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Toby Cubitt

Dr Toby Cubitt

Dr Toby Cubitt

Research Fellow

Interests and expertise (Subject groups)

Grants awarded

Quantum Channels in Mathematics and Physics

Scheme: University Research Fellowship

Organisation: University College London

Dates: Jan 2013-Dec 2017

Value: £404,149.63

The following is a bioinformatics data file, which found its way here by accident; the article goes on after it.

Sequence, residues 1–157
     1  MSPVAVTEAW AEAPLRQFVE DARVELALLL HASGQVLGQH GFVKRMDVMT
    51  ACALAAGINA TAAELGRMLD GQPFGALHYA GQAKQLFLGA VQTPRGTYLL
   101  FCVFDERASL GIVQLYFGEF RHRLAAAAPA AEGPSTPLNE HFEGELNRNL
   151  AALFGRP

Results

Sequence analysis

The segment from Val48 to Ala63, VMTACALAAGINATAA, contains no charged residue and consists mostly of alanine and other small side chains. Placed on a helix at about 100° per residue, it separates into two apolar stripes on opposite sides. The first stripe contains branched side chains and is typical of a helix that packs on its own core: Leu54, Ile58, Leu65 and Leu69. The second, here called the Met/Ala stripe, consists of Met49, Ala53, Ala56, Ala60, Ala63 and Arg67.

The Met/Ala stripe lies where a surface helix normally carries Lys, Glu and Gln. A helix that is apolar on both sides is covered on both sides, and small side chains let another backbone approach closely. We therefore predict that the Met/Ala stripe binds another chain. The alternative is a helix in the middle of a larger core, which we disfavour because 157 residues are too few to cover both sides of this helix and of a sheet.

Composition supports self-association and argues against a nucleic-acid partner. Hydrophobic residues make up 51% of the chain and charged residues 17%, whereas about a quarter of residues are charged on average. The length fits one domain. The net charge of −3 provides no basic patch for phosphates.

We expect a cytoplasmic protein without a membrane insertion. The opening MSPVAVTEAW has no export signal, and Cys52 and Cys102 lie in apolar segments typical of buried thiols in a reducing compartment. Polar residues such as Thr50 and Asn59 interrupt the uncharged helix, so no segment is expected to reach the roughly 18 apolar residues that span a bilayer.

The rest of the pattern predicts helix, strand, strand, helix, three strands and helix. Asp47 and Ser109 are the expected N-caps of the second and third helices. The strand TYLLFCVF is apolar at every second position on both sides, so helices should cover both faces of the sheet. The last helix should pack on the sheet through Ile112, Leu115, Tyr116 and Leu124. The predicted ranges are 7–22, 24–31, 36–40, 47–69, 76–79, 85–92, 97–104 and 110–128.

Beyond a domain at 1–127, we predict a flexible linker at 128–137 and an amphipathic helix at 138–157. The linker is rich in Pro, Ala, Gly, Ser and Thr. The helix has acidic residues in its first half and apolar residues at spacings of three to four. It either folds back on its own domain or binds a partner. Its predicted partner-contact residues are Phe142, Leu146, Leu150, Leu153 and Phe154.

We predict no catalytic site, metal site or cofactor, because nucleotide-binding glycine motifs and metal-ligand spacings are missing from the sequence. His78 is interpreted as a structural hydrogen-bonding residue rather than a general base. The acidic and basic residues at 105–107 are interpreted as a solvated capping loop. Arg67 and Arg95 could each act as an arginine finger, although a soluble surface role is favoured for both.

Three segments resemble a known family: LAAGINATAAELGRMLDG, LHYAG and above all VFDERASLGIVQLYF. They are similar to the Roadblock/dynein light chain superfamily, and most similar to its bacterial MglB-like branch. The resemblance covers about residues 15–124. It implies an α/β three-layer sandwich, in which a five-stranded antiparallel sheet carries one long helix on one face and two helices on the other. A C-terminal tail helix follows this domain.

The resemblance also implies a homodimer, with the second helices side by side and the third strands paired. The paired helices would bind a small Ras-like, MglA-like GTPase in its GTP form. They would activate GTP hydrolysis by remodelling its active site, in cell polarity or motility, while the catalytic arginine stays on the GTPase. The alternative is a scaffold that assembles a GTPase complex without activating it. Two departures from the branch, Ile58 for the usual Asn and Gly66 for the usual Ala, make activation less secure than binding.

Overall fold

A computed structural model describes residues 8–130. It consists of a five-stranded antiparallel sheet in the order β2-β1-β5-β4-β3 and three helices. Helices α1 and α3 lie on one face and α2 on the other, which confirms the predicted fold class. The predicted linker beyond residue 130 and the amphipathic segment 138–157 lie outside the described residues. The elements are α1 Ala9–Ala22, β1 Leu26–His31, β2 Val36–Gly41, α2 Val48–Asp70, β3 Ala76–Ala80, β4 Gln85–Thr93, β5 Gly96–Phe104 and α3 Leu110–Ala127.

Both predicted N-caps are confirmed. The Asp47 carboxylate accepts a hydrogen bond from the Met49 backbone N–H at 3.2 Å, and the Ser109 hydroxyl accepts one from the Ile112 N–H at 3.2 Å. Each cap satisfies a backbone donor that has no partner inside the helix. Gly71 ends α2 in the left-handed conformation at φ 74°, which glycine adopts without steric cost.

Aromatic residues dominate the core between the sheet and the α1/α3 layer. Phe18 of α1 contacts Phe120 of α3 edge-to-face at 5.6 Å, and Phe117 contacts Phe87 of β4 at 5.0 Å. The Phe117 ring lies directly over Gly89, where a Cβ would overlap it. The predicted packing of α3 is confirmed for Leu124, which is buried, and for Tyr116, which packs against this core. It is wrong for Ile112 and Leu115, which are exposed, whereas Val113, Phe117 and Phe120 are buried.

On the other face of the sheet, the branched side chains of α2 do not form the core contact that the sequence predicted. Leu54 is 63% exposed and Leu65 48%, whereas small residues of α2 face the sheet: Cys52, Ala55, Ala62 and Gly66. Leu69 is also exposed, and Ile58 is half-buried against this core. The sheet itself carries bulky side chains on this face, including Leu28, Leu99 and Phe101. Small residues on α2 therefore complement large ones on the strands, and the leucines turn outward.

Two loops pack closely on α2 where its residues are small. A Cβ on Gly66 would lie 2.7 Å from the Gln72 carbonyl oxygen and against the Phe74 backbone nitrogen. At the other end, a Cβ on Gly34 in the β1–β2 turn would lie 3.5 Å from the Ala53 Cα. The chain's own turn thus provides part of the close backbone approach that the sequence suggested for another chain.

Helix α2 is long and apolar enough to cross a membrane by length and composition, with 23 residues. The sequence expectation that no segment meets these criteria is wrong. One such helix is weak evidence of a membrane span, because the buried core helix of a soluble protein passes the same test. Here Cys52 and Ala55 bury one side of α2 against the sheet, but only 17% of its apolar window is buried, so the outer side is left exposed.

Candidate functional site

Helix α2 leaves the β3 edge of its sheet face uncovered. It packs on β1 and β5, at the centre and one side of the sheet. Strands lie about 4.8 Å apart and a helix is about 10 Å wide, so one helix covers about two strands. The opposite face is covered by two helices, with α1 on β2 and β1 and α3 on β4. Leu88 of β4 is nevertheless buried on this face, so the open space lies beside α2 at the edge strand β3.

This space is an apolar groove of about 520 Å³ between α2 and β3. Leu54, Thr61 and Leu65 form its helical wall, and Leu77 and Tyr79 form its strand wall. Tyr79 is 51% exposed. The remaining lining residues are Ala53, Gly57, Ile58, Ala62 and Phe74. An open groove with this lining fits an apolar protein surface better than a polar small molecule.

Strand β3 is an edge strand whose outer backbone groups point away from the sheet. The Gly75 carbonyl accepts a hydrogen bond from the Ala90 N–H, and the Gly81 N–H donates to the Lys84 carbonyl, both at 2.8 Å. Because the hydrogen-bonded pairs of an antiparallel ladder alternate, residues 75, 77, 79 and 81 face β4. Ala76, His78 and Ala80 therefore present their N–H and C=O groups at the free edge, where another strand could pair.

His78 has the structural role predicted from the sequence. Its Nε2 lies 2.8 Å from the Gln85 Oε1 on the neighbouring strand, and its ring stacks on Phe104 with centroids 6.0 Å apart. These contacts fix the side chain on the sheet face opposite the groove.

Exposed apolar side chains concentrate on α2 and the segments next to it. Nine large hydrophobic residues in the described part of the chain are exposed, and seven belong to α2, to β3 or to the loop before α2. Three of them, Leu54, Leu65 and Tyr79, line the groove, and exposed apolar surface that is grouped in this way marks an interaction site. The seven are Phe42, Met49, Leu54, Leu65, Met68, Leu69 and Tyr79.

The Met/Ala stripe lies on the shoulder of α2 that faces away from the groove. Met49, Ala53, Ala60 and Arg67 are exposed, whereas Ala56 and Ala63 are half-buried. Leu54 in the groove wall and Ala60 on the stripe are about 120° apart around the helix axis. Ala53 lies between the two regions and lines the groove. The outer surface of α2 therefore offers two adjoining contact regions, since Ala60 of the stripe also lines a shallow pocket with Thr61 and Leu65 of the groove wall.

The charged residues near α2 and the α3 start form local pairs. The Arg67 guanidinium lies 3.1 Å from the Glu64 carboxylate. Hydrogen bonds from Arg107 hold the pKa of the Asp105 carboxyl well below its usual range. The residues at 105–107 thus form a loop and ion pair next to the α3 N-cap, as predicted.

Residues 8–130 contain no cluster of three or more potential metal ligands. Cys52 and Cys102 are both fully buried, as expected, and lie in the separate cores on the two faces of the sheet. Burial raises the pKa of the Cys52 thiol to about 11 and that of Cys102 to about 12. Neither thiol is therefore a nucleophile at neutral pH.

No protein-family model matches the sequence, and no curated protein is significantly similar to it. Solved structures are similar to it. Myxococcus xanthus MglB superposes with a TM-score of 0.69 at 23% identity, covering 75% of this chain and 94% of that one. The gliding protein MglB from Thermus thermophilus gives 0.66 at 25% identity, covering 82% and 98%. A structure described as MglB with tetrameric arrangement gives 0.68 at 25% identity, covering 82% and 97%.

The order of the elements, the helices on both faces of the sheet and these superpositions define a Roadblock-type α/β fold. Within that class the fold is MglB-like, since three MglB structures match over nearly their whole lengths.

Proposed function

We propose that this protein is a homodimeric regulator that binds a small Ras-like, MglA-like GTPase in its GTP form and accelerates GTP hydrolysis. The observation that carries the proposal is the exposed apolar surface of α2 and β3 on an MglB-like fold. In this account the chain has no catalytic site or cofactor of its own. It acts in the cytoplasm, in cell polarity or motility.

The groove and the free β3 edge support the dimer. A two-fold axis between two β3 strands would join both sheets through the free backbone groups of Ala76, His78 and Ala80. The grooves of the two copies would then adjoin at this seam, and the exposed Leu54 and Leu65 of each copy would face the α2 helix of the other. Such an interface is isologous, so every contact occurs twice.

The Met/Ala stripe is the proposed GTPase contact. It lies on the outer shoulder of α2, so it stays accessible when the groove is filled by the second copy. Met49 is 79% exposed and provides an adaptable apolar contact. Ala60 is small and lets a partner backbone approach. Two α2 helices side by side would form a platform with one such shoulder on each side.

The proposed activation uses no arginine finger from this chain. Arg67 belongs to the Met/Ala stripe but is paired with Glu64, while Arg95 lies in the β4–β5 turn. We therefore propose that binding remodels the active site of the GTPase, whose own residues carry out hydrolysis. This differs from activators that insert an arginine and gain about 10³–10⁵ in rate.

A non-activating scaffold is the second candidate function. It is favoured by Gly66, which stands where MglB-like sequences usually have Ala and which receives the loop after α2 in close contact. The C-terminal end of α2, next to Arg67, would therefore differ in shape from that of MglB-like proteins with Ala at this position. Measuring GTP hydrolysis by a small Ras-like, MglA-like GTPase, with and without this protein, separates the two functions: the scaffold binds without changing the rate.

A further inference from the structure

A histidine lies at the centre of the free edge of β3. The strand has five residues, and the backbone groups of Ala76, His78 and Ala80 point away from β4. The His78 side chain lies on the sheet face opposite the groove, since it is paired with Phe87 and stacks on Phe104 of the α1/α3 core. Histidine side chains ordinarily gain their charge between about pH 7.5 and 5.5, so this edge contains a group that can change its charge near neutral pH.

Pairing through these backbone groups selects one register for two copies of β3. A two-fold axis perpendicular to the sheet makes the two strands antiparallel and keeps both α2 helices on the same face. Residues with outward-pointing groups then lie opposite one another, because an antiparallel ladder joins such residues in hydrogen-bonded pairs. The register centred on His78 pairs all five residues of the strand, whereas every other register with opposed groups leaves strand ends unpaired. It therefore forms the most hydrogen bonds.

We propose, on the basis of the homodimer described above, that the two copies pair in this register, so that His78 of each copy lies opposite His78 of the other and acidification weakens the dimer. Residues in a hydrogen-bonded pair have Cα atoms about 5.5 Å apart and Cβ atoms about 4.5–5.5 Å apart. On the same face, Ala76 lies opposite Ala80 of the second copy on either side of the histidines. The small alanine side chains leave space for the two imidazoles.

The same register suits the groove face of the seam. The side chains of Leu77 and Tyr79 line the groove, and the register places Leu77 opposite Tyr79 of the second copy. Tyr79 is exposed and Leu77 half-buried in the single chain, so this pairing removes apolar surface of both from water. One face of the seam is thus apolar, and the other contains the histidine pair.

Summary: All our information processing technology rests on an underlying mathematical theory -- information theory -- developed by Shannon in the 1940's. He based the theory on "classical" physics: physics pre-dating quantum mechanics. This is often a good approximation, and its success is evident. However, as Shannon himself was aware, a complete theory of information must take quantum effects into account. Quantum information theory includes the classical theory as a special case, but also predicts fundamentally new ways of processing information: quantum computers, quantum cryptography, and even entirely new types of resource such as entanglement. Landauer famously said: "information is physical", and quantum information epitomises this. Quantum mechanics allows information to be processed in ways not possible classically, but there is a flip side to this: it is extremely difficult to simulate quantum systems on a (classical) computer, an obstacle at the heart of many of the challenges in modern theoretical physics. Materials are made up of atoms obeying quantum laws, and we still do not fully understand properties for which quantum effects are significant, such as superconductivity. Turning Landauer's maxim on its head, we can use information theory to study physics. Much of theoretical physics concerns the behaviour of complex quantum many-body systems systems. Quantum information theory studies how to deliberately engineer complex many-body quantum systems to produce useful behaviour (such as quantum computing). In my research, I use quantum information theory to tackle some of the challenging fundamental open questions in quantum many-body and condensed matter physics. This remarkable marriage of physics, mathematics and computer science is, for me, one the most fascinating ideas in current science. Beyond the potential technological applications, it probes the deepest aspects of both quantum physics and information.

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